This coud be really decent or really bad - nothing in between me thinks. I'm hoping for something really good.
    What can this strange device be? When I touch it, it brings forth a sound.

  19. #3544
    Quote Originally Posted by Staun View Post
    A lot of the older movies had great scores. For instance, Anatomy of a Murder.
    That's what happens when you get Duke Ellington to do your musical score. That's one of the view movies have the soundtrack to.

  20. #3545
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    Quote Originally Posted by Sturgeon's Lawyer View Post
    John Carpenter's The Thing. Creepy as af. Plus, I got unexpectedly jumped by at least one spring-loaded cat (which this movie does not rely heavily on). I haven't seen the Howard Hawkes version (which is on tap now), but I can compare it to the original novella, "Who Goes There?" by John W. Campbell, and I find it a reasonably good adaptation of the spirit, if not the plot, of the original.

    Love the ambiguous ending.
    Agree, one of Carpenter's best films for sure. The original Hawkes version was also very good for it's time. That's James Arness (aka Matt Dillon from Gunsmoke) as the monster if I remember correctly.

  21. #3546
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    Quote Originally Posted by mozo-pg View Post
    Here's a description of a movie I'm going to see with my wife on Wednesday:

    Yesterday, everyone knew The Beatles. Today, only Jack remembers their songs. He's about to become a very big deal.

    Jack Malik (Himesh Patel) is a struggling singer-songwriter in a tiny English seaside town whose dreams of fame are rapidly fading, despite the fierce devotion and support of his childhood best friend, Ellie (Lily James). Then, after a freak bus accident during a mysterious global blackout, Jack wakes up to discover that The Beatles have never existed ... and he finds himself with a very complicated problem, indeed.

    Performing songs by the greatest band in history to a world that has never heard them, and with a little help from his steel-hearted American agent, Debra (Kate McKinnon), Jack's fame explodes. But as his star rises, he risks losing Ellie -- the one person who always believed in him. With the door between his old life and his new closing, Jack will need to get back to where he once belonged and prove that all you need is love.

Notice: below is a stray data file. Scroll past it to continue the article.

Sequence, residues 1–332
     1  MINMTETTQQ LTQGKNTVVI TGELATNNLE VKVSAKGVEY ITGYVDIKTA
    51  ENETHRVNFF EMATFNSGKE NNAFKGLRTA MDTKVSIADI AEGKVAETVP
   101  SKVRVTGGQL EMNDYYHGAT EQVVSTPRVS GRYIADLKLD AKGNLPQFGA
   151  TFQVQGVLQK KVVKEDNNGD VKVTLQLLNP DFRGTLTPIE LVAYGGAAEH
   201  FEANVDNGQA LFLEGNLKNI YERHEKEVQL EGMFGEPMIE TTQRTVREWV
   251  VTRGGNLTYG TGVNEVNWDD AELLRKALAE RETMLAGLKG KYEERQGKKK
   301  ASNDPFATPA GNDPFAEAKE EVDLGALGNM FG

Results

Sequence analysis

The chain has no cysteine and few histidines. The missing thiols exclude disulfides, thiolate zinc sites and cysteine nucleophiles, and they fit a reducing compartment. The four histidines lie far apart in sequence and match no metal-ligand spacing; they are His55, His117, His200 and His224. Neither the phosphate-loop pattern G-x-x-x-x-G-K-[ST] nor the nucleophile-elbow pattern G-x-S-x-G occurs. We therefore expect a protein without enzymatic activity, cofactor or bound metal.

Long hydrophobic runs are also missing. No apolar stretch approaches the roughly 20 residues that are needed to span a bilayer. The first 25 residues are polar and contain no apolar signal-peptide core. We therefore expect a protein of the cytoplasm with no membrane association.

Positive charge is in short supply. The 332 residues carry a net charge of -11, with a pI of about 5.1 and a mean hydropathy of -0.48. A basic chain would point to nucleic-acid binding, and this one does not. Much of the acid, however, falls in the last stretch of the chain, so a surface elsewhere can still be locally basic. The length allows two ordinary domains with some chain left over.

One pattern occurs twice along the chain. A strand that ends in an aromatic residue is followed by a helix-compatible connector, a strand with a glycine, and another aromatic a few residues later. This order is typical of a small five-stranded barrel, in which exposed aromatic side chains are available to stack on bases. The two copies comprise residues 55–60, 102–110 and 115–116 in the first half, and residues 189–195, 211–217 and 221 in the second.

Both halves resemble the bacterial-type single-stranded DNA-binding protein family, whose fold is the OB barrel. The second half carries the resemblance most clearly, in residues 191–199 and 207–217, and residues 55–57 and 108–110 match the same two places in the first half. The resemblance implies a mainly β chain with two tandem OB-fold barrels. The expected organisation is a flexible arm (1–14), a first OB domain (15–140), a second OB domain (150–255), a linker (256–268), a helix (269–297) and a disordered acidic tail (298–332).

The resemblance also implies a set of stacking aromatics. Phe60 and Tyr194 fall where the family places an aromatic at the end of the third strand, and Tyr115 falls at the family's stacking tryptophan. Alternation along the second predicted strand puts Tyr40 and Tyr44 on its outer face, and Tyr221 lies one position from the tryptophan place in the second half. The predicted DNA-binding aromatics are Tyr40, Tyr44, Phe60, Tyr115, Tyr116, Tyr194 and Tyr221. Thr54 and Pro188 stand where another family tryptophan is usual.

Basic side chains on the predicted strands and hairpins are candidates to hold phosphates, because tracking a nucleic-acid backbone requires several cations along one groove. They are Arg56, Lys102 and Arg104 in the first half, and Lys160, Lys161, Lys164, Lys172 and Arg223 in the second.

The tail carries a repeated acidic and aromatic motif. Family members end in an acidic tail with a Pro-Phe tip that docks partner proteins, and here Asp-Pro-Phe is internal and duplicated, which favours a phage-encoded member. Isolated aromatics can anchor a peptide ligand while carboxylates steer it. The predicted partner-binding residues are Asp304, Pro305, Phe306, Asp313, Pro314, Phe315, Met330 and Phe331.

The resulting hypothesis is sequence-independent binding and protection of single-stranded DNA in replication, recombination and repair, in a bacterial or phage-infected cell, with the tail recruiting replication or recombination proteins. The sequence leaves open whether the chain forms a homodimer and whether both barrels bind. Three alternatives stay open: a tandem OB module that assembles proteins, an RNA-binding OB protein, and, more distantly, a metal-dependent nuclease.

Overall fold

--__________________________________________________ ______________________________

    This coud be really decent or really bad - nothing in between me thinks. I'm hoping for something really good.
    I have been curious about this one. The reviews have been generally positive, but many on rotten tomatoes saying that it could have been a better film that it ultimately was.

  22. #3547
    Member since March 2004 mozo-pg's Avatar
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    Quote Originally Posted by SteveSly View Post
    I have been curious about this one. The reviews have been generally positive, but many on rotten tomatoes saying that it could have been a better film that it ultimately was.
    Steve, I'll post back with my comments.
    What can this strange device be? When I touch it, it brings forth a sound.

  23. #3548
    Quote Originally Posted by SteveSly View Post
    Agree, one of Carpenter's best films for sure. The original Hawkes version was also very good for it's time. That's James Arness (aka Matt Dillon from Gunsmoke) as the monster if I remember correctly.
    (Ed McMahon mode) You are correct, sir! (Ed McMahon mode off)

    I haven't seen the Hawkes version in ages, but I recall it having good atmosphere.

    Arness was also in another classic 50's horror flick, Them!, ya know, the one with the giant ants mutated by atomic bomb tests. According to Wikipedia, Walt Disney watched Them!, because Arness had been recommended to him as a cast possibility for his planned TV show about Davey Crockett. But Walt was more impressed by one of the other actors in the film, Fess Parker. Also on the strength of his performance in Them!, John Wayne apparently recommended Arness for Gunsmoke.

  24. #3549
    Member Staun's Avatar
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    Quote Originally Posted by GuitarGeek View Post
    That's what happens when you get Duke Ellington to do your musical score. That's one of the view movies have the soundtrack to.
    I've been bring in a few myself. I just got, Golden Boy, with Sammy Davis Jr. Wonderful music. Of course we've talked about, Jesus Christ Superstar here which I've had for some time. But I'm paying much more attention to movie sound tracks lately.
    The older I get, the better I was.

  25. #3550
    Quote Originally Posted by GuitarGeek View Post
    The John Carpenter version of The Thing is pretty awesome. I have it on DVD. The bit where they're doing the blood test, and the blood leaps up off the disc was one of the great "shock" moments of all time for me. And I love the bit where the head turns into a giant spider.
    In that same scene, I absolutely love Donald Moffets line at the end that starts "I know you gentlemen have been through a lot..."

    It really breaks the tension after the preceding scene...hilarious!